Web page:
When it comes to schools, bigger is not better
Editor of the Reformer:
I think it’s obvious to the citizens of Windham, Jamaica, Townshend, Newfane and Brookline that the Regional Educational District is simply a proposal to dissolve our local school boards and pave the way for a regional school. When the Brookline and Newfane school boards merged everyone was told, "This is not about school consolidation, it’s about school board consolidation," and, of course, among the first acts of the consolidated school board was the closing of the Brookline school.
The Vermont Constitution states that "a competent number of schools ought to be maintained in each town unless the general assembly permits other provisions for the convenient instruction of youth."
I don’t think the framers had "zero" in mind as a competent number, and I don’t think that a regional school 20 miles away is convenient to kindergarten children.
All over the country we see large schools and districts being broken up into smaller schools as educators give up on the "bigger is better" view of education. Why would we in Vermont, where we have one of the best school systems in the country, want to go down the road that has already been shown as prone to failure?
The most disheartening part of this proposal is that the administrators we are paying hundreds of thousands of dollars a year to operate and run our schools seem to be actively campaigning to close them. The towns of Winhall, Stratton and Brookline no longer have town public schools, encouraged by the supervisory union we paid to help operate them.
If the state is serious about cutting costs, I suggest closing the supervisory unions where administrators are paid in the neighborhood of $100,000 a year instead of eliminating local school boards where dedicated citizens are compensated $500 a year.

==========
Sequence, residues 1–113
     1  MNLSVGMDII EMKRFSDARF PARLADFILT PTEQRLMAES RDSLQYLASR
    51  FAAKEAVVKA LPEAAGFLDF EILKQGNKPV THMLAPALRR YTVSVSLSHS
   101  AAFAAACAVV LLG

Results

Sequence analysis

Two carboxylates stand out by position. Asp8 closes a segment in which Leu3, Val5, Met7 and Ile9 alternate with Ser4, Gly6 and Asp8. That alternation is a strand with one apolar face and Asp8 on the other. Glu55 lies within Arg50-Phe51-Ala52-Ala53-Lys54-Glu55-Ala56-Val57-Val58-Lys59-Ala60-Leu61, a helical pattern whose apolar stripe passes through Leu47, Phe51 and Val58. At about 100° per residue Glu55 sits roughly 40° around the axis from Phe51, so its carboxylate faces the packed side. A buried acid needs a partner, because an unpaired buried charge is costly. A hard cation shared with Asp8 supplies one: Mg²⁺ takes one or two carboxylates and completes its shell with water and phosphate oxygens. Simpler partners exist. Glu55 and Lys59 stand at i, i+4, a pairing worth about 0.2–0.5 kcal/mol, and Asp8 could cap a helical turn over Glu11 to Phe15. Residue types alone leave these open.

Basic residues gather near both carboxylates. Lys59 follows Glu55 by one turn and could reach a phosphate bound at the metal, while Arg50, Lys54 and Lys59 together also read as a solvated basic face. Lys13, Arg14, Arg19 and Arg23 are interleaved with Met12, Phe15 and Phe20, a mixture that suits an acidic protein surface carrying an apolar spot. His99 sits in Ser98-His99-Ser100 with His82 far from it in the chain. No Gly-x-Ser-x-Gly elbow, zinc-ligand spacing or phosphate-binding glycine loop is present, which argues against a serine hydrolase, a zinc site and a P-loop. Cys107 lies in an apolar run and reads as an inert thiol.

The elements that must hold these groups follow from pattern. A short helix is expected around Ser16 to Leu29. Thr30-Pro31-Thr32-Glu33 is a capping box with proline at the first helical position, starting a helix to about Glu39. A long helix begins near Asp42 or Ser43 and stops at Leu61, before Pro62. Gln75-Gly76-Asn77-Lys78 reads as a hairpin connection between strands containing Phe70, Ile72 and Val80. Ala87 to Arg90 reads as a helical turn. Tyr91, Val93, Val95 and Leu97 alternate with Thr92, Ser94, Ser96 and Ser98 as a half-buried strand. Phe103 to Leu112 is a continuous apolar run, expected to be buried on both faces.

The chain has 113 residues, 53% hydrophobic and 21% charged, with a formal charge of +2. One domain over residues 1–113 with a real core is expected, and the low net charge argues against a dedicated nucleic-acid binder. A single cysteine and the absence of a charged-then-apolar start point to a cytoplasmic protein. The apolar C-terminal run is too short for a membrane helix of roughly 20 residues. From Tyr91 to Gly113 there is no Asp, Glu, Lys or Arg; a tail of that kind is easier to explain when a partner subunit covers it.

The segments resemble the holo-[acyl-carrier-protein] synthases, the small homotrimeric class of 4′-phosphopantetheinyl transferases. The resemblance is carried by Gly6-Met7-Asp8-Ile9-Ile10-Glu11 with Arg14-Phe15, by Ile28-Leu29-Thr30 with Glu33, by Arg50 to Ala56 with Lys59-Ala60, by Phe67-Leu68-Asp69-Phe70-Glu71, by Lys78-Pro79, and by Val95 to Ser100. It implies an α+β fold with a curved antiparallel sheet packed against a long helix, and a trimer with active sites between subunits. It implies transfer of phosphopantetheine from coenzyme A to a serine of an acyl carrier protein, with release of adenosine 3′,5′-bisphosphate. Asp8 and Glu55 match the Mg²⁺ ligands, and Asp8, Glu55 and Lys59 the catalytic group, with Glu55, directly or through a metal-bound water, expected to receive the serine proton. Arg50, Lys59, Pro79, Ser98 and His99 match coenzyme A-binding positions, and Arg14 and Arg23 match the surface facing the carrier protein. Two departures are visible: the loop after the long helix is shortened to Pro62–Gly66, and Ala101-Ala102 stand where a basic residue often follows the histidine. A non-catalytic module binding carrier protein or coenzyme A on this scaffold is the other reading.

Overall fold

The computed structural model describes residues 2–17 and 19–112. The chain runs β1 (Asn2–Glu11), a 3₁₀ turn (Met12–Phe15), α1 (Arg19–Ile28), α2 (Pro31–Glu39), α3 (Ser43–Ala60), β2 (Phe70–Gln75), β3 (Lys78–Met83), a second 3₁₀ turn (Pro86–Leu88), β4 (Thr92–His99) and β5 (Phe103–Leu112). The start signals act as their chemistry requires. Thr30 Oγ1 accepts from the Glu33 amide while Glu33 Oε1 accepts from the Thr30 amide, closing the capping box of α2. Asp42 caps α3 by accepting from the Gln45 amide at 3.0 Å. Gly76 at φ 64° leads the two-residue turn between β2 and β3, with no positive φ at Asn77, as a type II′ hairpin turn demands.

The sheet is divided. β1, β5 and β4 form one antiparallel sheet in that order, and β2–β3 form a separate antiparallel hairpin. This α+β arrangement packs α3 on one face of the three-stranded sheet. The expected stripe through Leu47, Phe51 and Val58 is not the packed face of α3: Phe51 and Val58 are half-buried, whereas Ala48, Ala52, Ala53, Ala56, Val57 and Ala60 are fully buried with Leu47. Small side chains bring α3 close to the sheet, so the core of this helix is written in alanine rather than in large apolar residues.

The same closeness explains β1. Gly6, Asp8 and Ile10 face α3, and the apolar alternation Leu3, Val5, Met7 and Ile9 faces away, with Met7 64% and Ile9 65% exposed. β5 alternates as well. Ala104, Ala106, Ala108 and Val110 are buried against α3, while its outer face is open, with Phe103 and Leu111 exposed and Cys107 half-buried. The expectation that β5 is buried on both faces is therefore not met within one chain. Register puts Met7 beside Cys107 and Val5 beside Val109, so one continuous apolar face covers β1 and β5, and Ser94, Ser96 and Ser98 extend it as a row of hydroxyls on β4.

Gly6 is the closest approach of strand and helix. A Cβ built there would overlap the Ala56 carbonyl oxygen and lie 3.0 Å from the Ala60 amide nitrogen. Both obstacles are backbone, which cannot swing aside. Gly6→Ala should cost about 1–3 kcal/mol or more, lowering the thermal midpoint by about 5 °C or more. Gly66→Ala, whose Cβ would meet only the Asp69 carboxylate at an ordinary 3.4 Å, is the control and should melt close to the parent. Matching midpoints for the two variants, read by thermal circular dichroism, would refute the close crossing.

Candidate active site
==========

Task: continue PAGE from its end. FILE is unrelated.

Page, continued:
The towns involved in this proposal have maintained their own schools for the past 200 years with excellent results. Don’t vote away local control of local schools. Don’t vote to dissolve your town school board. Please vote against this proposal on Oct. 8.
Windham, Sept. 11
A call to war
Editor of the Reformer:
Join the event: Give your vote on going to war yes the authorization of a U.S. strike against Syria
Who’s in Favor of going to war? AIPAC, the seventh largest lobbyist in the U.S. to mount major lobbying blitz for Obama’s Syria strike plan. Many of the Jewish syndicates are calling for war. The well respected Senator Abbott, a staunch AIPACer, thinks it’s a good idea.
During the Iran-Iraq war, which started in 1980 and ended in 1988, the international community remained silent as Iraq used chemical weapons. Why such a big stink today?
I did not see Israel complaining about Sarin when they used phosphorus in Gaza. Israel has a much bigger problem to deal with: Thousands of women and children held without passport in Israeli brothels. Type into your computer search bar "Pedophilia Paradise"’ and see where it takes you.
Who’s Not in favor of going to War? Pope Francis had voiced his staunch opposition to a U.S.-led strike on Syria along with most the world. Not good.
Now it is you time time for your two cents. I urge all in Vermont and New Hampshire to state your position to your congressman or woman. You do not have to be registered and you don’t have to dress up well and go to town; call right over the phone, it is free, and you can call anytime. Remember, Uncle Sam is counting on you to speak up. And for you WiFi fans in Vermont, send an e-mail to Patrick Leahy, Bernie Sanders, and Peter Welch; if you live in New Hampshire, e-mail Kelly Abbott, Jeanne ,Shaheen, Carol-Shay Porter and Anne Mc Lane Kuster.
"Join the event" This is a limited time offer: until the Senate votes on the authorization of a U.S. strike against Syria bill.
Bellows Falls, Sept. 12